The NeverEnding Story
I’ve had insomnia for a few days, so my head feels like it’s too far underwater, and the pressure is hurting my ears.
I just finished re-watching The NeverEnding Story, which I watched when I was so young that it might as well have been the first time. All I can remember from that first viewing is that I liked and appreciated on a subliminal level that Atreyu is so androgynous that I, a self-proclaimed tomboy, was able to identify with him in a way that isn’t possible with Bastian. I think small things like that are what adds up to make girls feel underserved in media— because either there are no girls, or their personalities are not personalities at all, just shallow puddles of person projected through the lens of a person in a complimentary and complex position.
I think what I liked most about The NeverEnding Story was its self-awareness. I think that is a trait that was super present in the 80s, but has faded away. I think that’s one reason that the movies from that era are considered so timeless: because there is no sarcasm or cynicism in them at all. I can’t think of a counter example of a movie with sarcasm as a theme, but that’s okay because we won’t be tested on any of this at any point in the future.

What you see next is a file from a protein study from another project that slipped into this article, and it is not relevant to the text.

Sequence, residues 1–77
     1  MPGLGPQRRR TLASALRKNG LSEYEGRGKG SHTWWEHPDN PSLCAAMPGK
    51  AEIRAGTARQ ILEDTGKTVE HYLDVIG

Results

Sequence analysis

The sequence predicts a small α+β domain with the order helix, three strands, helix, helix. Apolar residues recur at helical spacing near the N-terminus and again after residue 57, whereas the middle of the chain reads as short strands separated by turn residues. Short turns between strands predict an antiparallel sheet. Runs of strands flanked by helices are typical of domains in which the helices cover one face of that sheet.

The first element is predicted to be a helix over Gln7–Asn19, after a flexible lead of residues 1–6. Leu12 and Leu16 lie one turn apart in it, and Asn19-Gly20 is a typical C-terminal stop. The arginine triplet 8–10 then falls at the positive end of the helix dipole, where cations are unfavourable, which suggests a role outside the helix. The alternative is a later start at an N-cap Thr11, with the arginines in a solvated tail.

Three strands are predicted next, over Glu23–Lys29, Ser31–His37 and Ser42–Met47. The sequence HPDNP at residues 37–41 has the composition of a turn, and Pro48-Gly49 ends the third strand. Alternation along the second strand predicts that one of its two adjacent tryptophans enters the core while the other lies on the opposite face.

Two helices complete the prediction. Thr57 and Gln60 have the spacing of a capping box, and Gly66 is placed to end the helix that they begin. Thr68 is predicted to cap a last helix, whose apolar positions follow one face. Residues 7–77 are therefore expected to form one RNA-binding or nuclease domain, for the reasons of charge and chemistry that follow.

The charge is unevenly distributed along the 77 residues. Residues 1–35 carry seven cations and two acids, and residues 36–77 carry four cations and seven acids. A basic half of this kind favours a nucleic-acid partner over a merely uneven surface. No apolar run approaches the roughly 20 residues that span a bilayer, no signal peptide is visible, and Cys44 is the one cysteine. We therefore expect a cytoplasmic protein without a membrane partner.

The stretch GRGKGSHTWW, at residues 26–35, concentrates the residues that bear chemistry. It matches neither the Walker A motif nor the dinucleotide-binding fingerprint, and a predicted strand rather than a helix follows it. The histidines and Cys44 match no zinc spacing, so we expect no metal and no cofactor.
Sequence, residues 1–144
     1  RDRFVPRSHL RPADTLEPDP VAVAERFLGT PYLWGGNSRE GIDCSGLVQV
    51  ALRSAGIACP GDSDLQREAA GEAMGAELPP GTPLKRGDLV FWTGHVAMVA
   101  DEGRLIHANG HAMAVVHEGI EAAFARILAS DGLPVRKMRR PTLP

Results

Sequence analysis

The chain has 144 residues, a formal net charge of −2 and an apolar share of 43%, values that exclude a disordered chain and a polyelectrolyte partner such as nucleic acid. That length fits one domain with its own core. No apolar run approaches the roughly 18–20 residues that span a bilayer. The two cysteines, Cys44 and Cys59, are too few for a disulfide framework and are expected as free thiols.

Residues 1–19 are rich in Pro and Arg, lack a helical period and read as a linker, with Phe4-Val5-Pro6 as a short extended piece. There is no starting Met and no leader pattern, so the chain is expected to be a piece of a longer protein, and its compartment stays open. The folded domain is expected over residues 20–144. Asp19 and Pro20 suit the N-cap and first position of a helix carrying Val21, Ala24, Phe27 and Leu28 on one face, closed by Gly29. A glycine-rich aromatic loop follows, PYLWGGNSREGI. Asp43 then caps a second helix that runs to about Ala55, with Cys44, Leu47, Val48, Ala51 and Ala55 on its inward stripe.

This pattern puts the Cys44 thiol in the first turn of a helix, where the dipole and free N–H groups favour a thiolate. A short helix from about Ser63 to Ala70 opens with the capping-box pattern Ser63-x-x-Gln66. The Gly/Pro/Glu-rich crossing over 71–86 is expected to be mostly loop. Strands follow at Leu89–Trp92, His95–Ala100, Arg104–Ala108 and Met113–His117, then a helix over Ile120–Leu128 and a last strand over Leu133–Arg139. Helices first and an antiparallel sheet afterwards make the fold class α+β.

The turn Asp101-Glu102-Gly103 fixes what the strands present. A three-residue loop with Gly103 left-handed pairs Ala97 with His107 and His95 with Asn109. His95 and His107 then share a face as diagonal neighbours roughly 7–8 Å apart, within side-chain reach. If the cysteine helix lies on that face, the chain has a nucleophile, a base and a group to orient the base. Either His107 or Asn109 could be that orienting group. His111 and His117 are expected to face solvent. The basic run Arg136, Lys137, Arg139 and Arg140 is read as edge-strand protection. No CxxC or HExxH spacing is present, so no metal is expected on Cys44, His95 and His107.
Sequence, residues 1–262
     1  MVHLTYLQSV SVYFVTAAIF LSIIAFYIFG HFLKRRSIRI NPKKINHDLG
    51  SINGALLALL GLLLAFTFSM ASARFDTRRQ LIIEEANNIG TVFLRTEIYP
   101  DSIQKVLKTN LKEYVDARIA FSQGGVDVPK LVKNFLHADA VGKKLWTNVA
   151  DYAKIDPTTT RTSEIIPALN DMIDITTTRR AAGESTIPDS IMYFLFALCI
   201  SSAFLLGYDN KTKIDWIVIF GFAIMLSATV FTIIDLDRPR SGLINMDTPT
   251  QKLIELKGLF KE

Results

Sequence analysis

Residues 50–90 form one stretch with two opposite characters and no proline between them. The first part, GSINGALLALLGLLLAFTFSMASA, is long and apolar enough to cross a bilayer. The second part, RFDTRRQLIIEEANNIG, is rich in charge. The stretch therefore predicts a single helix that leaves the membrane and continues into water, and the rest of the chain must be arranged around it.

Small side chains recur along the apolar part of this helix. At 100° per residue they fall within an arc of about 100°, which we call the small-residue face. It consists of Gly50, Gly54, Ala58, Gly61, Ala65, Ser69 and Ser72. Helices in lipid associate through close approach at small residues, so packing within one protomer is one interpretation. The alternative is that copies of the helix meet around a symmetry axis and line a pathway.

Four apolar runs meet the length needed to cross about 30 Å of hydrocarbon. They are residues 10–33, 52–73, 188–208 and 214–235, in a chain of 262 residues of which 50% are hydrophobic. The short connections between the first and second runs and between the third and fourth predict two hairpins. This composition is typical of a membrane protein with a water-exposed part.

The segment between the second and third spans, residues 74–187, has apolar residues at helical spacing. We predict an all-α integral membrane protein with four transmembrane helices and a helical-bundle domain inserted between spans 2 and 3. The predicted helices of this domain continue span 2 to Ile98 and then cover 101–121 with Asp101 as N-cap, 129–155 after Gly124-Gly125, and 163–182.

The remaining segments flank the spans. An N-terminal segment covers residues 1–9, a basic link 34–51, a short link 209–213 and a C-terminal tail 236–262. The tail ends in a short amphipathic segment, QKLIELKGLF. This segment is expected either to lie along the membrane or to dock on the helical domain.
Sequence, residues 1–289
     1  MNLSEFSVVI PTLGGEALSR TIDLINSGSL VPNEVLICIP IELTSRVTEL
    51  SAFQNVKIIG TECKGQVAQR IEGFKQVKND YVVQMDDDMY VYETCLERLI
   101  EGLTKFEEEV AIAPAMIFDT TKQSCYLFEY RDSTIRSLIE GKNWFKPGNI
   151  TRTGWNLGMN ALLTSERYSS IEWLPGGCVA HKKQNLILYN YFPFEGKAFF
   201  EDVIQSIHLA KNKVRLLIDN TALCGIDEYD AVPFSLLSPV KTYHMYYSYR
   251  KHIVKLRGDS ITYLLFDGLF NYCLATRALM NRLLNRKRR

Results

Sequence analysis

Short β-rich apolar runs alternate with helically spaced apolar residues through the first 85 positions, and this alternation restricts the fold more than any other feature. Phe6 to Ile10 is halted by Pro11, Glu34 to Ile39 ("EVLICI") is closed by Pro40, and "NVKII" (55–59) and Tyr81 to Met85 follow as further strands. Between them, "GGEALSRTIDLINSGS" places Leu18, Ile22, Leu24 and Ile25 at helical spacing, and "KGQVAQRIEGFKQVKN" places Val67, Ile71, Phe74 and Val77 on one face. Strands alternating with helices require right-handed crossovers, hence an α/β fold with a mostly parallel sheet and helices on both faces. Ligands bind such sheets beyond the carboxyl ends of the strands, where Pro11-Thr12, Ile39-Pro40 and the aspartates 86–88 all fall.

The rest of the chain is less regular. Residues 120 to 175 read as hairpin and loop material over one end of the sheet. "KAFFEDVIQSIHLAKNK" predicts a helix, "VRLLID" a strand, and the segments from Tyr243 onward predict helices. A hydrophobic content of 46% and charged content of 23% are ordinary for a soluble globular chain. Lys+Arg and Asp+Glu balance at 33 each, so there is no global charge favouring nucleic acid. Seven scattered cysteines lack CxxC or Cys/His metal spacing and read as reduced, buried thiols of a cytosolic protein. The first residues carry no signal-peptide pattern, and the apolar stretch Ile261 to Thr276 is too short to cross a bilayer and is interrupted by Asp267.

I really appreciate the way that The NeverEnding Story has such a clear motive and message that is not overtly social commentary. In comparison to Earnest and Celestine, whose message of racial acceptance, or just differences acceptance, was a little heavy handed and a little too small-picutre, maybe, The NeverEnding Story has loftier goals. It wants to inspire people to do what can sometimes feel like the hardest thing, which is just to imagine and dream in the boundless territory of Fantasia.